The winter season is nearly upon us. While you may consider it the off-season for the construction industry, that doesn’t mean that work grinds entirely to a halt. There are still plenty of tasks that can be carried out or completed during the cold winter months. Low temperatures and icy conditions create their own hazards that you might not encounter during the warmer months of the year. What are the most common winter construction site hazards and how can you avoid them?

1. Cold Stress

The human body can adapt to most situations, but extreme heat or cold can easily be dangerous or even fatal. Working outdoors in the wintertime, especially in areas that experience extreme cold, can put workers at risk for a variety of cold stressors and cold-related injuries such as:

  • Hypothermia — Extended exposure to cold temperatures that cause the body’s core temperature to drop. It can be fatal if left untreated.
  • Chilblains — Painful inflammation of small blood vessels when skin is repeatedly exposed to cold but non-freezing temperatures.
  • Trench foot — Occurs when feet are not kept properly warm and dry, causing them to lose heat faster. In extreme cases, it can cause tissue damage and develop into gangrene.
  • Frostbite — When body parts are exposed to freezing temperatures for extended periods. Incredibly painful and can result in amputation.

There are a few steps you can take to prevent these cold stressors from causing injuries or incidents on your job sites. Start by ensuring that everyone is wearing the proper clothing, from layered shirts and pants to gloves and water-resistant work boots. Make sure that your team has a place that they can go to warm up and encourage them to do so often. Finally, pay close attention to your crew and learn to spot the signs of these various cold stresses.

2. Snow Removal

It’s a lot easier to work through the cold winter months if you’re not trying to navigate through a few feet of snow on the ground. Removing snow is often a challenging task. According to FEMA, a square foot of light, fluffy snow can weigh as little as 3 pounds. However, but it’s packed and topped with ice, that same square foot can weigh up to 57 pounds.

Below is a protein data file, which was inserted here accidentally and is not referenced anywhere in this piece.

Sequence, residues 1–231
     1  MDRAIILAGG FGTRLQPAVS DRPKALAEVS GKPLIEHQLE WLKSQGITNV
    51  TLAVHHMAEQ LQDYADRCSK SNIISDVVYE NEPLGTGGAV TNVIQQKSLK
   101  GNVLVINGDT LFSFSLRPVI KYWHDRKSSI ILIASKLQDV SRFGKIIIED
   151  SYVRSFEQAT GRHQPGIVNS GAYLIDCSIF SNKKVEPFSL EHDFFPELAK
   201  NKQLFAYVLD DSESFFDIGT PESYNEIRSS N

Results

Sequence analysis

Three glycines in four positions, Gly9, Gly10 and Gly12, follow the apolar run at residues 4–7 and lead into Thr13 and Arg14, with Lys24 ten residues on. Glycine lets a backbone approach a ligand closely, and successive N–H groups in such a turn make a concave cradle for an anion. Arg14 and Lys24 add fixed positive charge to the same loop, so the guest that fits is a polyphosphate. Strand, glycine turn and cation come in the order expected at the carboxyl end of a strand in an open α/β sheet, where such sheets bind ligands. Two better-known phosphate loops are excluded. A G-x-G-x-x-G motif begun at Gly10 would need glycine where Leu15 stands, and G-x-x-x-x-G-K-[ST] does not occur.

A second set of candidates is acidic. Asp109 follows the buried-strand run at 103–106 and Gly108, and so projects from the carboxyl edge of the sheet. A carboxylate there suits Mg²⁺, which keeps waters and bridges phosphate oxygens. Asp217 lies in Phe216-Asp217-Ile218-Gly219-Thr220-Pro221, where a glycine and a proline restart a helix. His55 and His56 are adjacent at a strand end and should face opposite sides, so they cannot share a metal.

Removing snow by hand could result in back injuries or other repetitive motion issues that could have lasting consequences. Additionally, snow removal is responsible for upwards of 100 deaths every year, according to the National Safety Council.

Make arrangements for removing snow from your job site whenever possible. This might include investing in snowblowers or other similar materials, or treating the site with de-icing chemicals, or even bringing in a professional snow removal service to reduce the risk of injuries.

3. Trenching Hazards

As long as you’re not in a zone where the ground freezes solid every winter, excavation and trenching are still possible. Even in the warmer months, trenching can be dangerous — in fact, the fatality rate for excavation is 112% higher than the rest of the construction industry. That’s saying a lot when you consider that construction is one of the most dangerous industries to work in year-round.

Avoiding trenching hazards isn’t always possible, but you can mitigate the potential for injuries or fatalities by maintaining comprehensive safety measures, regardless of the exterior temperature. A single cubic yard of dirt can weigh as much as your average vehicle. That number can only go up if the dirt is wet or topped with snow and ice.

Trenches deeper than 5 feet need to be secured with a trench box, and according to OSHA standards, anything deeper than 20 feet needs an engineer to design safety protocols to prevent trenching hazards.